While this tendency may seem difficult to overcome, the authors also point out that first impressions of gender are essential; we often work to support our first perceptions of another person's gender and find it difficult to discredit that perception. It is even difficult for other people to see transgender women as men if they have never known them as men. The authors argue that the first impression is crucial for transgender women and men, much more important than trying to maintain the image of the "perfect" woman or man. "If transsexuals understood these features of discrediting they would (1) focus on creating decisive first impressions as male or female and (2) then stop worrying about being the perfect man or woman and concentrate on cultivating the naturalness (i.e., the historicity) of their maleness or femaleness" (p. 177).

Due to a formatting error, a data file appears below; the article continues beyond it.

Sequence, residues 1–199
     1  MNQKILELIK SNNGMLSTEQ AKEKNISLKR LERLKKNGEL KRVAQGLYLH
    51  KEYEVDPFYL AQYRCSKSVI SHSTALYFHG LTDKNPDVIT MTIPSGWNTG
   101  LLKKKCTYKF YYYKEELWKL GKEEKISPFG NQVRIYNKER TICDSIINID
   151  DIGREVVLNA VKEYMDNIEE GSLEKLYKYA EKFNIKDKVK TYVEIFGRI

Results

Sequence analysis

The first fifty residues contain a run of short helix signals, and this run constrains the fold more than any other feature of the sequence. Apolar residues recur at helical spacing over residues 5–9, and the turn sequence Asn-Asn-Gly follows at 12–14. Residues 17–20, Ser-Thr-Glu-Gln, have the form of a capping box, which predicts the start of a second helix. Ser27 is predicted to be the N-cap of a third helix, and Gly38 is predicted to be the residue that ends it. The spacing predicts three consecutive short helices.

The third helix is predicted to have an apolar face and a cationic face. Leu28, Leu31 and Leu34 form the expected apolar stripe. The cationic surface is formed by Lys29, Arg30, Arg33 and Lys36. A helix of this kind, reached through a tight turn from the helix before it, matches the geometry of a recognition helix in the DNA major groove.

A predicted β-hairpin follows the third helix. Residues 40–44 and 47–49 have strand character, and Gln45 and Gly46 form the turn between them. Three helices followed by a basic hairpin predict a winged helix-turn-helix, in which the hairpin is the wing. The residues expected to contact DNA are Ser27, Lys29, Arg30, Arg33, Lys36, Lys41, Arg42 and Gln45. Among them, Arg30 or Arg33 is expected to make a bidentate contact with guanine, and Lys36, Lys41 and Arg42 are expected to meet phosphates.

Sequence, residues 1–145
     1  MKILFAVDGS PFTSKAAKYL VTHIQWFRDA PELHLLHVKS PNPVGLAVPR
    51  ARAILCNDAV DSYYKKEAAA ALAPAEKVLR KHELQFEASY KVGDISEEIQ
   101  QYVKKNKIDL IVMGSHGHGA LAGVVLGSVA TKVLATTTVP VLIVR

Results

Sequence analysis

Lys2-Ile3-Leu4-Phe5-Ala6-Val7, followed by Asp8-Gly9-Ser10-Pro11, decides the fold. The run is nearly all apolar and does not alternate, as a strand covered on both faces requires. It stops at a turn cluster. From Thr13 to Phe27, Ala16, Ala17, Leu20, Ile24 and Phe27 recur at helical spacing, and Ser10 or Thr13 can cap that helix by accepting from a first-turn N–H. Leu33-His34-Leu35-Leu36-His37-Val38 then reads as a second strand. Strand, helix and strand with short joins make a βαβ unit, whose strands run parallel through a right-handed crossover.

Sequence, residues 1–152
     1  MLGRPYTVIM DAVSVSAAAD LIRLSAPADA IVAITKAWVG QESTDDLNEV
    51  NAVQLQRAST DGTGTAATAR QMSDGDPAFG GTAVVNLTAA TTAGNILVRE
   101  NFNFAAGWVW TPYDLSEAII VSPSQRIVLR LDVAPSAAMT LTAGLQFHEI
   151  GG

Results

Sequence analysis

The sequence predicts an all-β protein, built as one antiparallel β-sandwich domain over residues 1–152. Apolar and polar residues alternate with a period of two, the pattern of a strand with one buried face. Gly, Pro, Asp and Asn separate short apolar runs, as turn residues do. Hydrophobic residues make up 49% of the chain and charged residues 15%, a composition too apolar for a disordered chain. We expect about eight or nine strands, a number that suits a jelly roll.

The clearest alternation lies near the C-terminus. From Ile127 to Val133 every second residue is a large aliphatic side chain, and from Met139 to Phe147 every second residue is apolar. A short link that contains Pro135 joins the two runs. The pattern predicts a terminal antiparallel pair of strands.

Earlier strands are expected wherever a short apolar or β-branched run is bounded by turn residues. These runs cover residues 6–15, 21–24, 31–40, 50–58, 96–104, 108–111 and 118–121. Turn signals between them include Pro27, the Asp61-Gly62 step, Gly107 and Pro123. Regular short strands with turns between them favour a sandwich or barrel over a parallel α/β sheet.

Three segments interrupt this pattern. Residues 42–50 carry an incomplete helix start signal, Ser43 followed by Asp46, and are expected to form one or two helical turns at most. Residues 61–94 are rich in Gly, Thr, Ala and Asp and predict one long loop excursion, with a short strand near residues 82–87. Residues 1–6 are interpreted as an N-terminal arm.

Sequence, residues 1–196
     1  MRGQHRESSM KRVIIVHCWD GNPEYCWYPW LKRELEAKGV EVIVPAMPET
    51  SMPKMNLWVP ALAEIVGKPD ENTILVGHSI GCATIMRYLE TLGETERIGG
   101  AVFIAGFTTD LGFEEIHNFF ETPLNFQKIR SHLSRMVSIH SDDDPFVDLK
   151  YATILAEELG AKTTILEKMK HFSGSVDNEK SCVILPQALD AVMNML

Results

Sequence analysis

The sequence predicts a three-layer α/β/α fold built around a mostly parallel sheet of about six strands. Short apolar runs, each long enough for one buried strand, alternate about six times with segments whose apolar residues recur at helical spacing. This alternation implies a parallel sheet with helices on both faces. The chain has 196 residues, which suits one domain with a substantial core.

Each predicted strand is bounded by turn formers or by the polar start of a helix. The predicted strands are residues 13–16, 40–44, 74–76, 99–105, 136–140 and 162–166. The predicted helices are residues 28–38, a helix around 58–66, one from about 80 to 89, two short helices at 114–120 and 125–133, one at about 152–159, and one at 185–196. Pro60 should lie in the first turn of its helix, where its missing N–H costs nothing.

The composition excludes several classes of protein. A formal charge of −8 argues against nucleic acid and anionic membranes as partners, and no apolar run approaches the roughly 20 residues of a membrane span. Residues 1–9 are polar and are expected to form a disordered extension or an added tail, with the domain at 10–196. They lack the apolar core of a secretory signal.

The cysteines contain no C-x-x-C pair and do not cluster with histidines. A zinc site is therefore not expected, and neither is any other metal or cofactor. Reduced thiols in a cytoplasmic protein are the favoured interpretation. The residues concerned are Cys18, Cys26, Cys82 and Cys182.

I will be interested to test the importance and effectivess of first impressions in the next couple of weeks. While I have taught and attended classes as a woman in the past, this will be the first time I will be starting a semester as Lucy. In the past, I began the semester as a man and made the switch to living as a woman during the course of the semester; it may have been difficult for my students and classmates to overcome their first impressions of me as a man despite the fact that I began living as a woman. I wonder what impact only knowing me as Lucy will have on my reception by and interaction with my students?

Saturday, January 2, 2010

Goal for 2010

I have one main goal for 2010 and it's a fairly simple goal. My goal is to spend more days this year living and dressing as a woman than as a man.

I spent a lot of time in 2009 living as Lucy, a month or so in the Summer and most of the last 3 months of the year, but I want to spend even more time as Lucy in 2010. I feel that making the decision in September to once again live and teach as a woman full-time will make this an easy goal to accomplish. I have other goals for this year, including looking for a therapist and doing as much academic writing as I can, but this is my main goal for 2010.